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4.6 out of 5 stars
Everybody Knows This is Nowhere
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14 of 15 people found the following review helpful
VINE VOICEon 10 September 2004
This is very good. Its got well recognized Young classics: Cinnamon Girl anyone with a passing knowledge of Young will have heard, but also Down By The River and Cowgirl In The Sand - both epic tracks. The reason this only gets 4 starts though is Round and Round - which has always sounded a bit dreary and somewhat repetative. Maybe its just a personal taste think. Otherwise I'd say to anyone who hasn't heard Young "buy this CD and you'll be hooked".
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12 of 13 people found the following review helpful
After a misfiring self-titled solo debut album, Neil Young recruited the remnants of The Rockets, who were renamed Crazy Horse in the process, and delivered this, 'Everybody Knows This Is Nowhere', and his career as a soloist really kicked into gear. 'Everybody Knows' is a terrific album, and set the blueprint for at least the guitar-heavy side of his future solo recordings. This newly-remastered version corrects the sonic anomalies of the original CD reissue, and has never sounded better. The bottom end is full and dynamic, and the guitar interplay between Young and Crazy Horse guitarist Danny Whitten (RIP) is beautifully realised. Apart from the lengthy guitar excursions, 'Cowgirl In The Sand' and 'Down By The River', shorter songs such as 'Cinnamon Girl', the title track, and the delightful country lope-along '(When You're On) The Losing End' show that Young was also capable of writing economical, concise and very direct songs, and, what's more, had found the perfect backing combo to help realise them.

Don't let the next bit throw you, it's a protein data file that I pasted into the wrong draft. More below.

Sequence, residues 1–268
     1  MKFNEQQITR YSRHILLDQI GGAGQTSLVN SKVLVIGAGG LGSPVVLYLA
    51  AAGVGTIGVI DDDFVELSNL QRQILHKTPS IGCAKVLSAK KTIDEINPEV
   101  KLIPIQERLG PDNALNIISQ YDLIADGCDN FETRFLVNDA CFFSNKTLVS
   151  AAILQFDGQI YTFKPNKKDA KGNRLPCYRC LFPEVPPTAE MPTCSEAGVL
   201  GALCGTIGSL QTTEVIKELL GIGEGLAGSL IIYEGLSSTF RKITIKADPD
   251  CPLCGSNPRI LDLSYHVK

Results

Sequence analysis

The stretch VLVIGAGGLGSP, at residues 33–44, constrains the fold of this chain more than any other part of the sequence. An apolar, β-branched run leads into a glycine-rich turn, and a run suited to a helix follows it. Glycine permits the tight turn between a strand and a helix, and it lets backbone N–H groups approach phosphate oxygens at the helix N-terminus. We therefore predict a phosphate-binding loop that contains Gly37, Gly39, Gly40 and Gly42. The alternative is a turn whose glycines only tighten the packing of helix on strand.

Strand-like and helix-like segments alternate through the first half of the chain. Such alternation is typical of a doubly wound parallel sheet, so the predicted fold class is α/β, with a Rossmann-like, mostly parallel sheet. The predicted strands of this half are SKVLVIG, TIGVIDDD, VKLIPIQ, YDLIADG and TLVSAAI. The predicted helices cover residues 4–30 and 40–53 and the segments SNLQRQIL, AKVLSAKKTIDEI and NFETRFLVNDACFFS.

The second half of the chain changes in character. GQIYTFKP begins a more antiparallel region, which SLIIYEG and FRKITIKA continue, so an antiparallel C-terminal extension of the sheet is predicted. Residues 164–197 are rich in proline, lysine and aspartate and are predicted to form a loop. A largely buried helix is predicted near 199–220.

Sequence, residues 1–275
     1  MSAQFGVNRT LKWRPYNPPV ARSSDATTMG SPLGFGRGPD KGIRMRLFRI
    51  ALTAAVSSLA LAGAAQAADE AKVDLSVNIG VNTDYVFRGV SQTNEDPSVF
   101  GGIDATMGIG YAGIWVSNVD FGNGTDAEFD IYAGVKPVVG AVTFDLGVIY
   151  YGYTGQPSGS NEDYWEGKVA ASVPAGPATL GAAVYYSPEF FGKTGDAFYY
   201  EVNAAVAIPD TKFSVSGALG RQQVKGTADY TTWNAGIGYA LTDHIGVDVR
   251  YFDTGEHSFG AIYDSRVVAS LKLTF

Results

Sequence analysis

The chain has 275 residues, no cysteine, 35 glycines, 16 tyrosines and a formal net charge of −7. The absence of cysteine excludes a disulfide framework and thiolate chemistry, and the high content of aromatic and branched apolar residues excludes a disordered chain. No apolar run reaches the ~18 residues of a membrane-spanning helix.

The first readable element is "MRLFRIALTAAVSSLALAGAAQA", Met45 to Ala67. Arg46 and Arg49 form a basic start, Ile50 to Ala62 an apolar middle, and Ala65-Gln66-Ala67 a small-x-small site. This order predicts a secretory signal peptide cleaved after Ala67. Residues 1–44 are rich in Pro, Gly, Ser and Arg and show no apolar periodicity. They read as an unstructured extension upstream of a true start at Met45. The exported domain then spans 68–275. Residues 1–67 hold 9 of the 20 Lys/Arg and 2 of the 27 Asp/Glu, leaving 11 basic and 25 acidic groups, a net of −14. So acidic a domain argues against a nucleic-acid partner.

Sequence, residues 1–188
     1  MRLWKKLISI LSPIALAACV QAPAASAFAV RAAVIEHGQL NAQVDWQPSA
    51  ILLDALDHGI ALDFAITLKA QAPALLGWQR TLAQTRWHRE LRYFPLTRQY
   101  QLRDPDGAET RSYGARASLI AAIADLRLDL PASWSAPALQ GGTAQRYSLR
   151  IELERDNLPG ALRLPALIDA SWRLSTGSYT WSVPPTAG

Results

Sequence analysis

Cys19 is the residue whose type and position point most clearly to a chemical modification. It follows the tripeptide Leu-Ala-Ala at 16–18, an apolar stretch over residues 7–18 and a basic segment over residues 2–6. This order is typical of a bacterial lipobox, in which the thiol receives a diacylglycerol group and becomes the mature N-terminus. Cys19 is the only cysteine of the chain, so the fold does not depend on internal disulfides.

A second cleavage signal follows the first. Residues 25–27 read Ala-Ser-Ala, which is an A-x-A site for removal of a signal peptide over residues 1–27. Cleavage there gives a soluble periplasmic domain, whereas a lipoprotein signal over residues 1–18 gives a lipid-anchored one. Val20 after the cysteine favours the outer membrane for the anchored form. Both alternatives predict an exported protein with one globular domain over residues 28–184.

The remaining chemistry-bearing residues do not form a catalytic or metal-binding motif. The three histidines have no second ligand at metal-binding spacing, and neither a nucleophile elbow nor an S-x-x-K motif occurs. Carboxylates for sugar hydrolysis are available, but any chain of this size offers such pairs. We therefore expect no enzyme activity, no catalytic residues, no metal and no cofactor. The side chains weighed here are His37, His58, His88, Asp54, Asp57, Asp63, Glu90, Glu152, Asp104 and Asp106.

This is an utterly wonderful album that delivers every time. Don't have it yet? You gotta get it.
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11 of 12 people found the following review helpful